Scott Dickerson, the director of “The Exorcism of Emily Rose,” brings us a new horror adventure, “Sinister,” which debuted in theaters Friday.
The film begins with a home video of a family, which is later found to be among others in a box in the attic of the new home of novelist Ellison Oswalt, played by Ethan Hawke. The film’s darkened lighting — not uncommon in horror films — introduces the cryptic story.
Oswalt moves his family yet again to revive his career as a crime novelist, solving cases that local authorities can’t, or in his opinion, are too lazy to solve. Little does his family know that this time the new house is the latest crime scene Oswalt is researching: a house where a family was mysteriously murdered.
In the midst of all the moving chaos, Oswalt finds a box of what he thinks are old home videos. Attempting to satisfy his curiosity, he finds that the videos are connecting pieces to a disturbing string-of-murders puzzle.
He finds that in each of the videos, there is Bughuul, a white-masked, monstrous character –— a polite description — from another world. He feeds off the innocence of children and lives through his videos. The more Oswalt researches Bughuul and the murders linked by the videos, the more Bughuul, also known as “Mr. Buggie,” comes alive.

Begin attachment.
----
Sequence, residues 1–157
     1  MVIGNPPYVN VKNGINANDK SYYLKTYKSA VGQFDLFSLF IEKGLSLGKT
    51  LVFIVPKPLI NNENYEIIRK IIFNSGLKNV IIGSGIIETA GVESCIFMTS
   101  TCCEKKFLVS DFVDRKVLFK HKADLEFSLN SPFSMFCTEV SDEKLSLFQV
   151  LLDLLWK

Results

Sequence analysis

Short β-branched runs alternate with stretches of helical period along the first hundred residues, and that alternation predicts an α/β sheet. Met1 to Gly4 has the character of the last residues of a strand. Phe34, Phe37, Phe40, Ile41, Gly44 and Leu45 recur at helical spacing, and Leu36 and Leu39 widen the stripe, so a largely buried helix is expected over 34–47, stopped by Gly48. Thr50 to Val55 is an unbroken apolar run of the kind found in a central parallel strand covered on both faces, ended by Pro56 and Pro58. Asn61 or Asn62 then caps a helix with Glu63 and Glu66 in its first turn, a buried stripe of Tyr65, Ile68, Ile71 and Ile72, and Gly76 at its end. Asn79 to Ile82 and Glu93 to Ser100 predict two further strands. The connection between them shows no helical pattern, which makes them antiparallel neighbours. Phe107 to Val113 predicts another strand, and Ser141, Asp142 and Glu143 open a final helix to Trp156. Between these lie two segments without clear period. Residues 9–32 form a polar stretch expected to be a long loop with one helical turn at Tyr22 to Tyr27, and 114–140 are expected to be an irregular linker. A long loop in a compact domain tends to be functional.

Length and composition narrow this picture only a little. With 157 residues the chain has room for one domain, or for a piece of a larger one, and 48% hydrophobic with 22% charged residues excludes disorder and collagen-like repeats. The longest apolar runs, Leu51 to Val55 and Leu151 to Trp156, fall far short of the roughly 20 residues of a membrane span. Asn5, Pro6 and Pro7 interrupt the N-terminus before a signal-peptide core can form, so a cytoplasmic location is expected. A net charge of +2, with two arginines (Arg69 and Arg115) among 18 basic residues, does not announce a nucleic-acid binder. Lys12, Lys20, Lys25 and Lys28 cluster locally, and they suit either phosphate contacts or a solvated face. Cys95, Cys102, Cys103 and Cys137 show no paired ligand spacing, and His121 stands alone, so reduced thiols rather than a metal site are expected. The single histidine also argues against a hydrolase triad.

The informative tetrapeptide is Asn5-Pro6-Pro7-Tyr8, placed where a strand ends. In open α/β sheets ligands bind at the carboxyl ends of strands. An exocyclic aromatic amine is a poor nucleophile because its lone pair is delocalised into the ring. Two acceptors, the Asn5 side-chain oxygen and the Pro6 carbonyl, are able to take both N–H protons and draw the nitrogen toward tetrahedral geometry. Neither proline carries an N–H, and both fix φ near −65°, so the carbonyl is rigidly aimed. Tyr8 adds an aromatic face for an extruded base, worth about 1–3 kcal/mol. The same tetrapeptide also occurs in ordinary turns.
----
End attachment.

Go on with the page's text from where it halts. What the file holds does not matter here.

As the movie progresses, the family begins to argue and fall apart. The fact that Oswalt chose a crime scene as the next location to move his family causes the relationship with his wife Tracy, played by English actress Juliet Rylance, to dwindle. Odd happenings with their son and daughter make the couple question their move to a new town.
With paranoia setting in, Oswalt regrets his decision to drag his family along in his attempt to resurrect the fame he once had. After waking in the night — many nights, actually — to find the videos playing on their own, Oswalt attempts to destroy the homemade films. Once he learns the films are indestructible, Oswalt hurriedly packs his family into their car and speeds to their previous home that is still for sale, but that may have sealed his family’s fate to become what he’s seen on the white screen.
The acting wasn’t anything extraordinary, but it wasn’t distractingly bad. For a horror film, “Sinister” is relatively easy to handle for the jumpy moviegoers. The trailer for “Sinister” was the scariest thing about it. The movie didn’t show anything too gruesome or gory; it was mostly the ideas of some of the murders the novelist was interested in and the fact that he moved his family into a crime scene.
There was an absence of explanation of where the Bughuul really came from and how the string of events started, but maybe with more attention to detail and less focus on the paranoia, the movie could have been better.